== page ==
Scientific work has endowed men with immense powers. What science does not tell us is the use that ought to be made of them, or ought not to be made. What it is incapable of telling us are the moral imperatives that must be respected, both in the acquisition and in the application of scientific knowledge. A man of science may perhaps tell us that out of personal conviction: but it will not be scientific knowledge that tells us. The notion of our neighbor, for example, and the imperative to respect others, are not products of science, because all that science yields is measured and verified facts. Hence the imperative of respect for others takes on all the more importance in that it is not guaranteed by any “objective” proof. With regard to the acquisition of knowledge and its application, it must never be permissible to say: Faciamus experimentum in anima vili (Let us make an experiment on a base-born soul). These words, from a seventeenth-century account, are those of an unscrupulous doctor in a hospital where the poor were cared for. Lying on another bed in the same hospital room, the humanist Muret, having heard these words, exclaimed: “As if it was base-born, this soul for which Christ did not scorn to die!” These words of protest were not dictated by scientific knowledge, because science itself has no argument to forbid the abuse of its power. I know Muret’s exclamation because Diderot, that unbeliever, cites it twice in his writings. I hope that that at least marks a point of agreement between those who believe that Christ died for all men and those who consider the earth our only, our unique garden.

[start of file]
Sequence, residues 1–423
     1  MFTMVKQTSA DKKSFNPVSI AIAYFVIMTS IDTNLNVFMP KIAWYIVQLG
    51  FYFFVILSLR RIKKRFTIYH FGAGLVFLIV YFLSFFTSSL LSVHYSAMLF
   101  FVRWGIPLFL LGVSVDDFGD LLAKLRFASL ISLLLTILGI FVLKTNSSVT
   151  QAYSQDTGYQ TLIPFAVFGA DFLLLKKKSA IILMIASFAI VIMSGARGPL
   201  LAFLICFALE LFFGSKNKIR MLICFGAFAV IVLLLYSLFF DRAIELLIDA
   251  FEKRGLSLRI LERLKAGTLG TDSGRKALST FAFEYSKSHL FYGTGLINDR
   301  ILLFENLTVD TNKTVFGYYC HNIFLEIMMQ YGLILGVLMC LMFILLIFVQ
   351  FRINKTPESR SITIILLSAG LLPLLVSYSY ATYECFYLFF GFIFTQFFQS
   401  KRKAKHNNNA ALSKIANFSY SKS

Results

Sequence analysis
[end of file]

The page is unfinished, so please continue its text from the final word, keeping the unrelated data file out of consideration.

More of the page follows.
[Translated by Richard Pevear]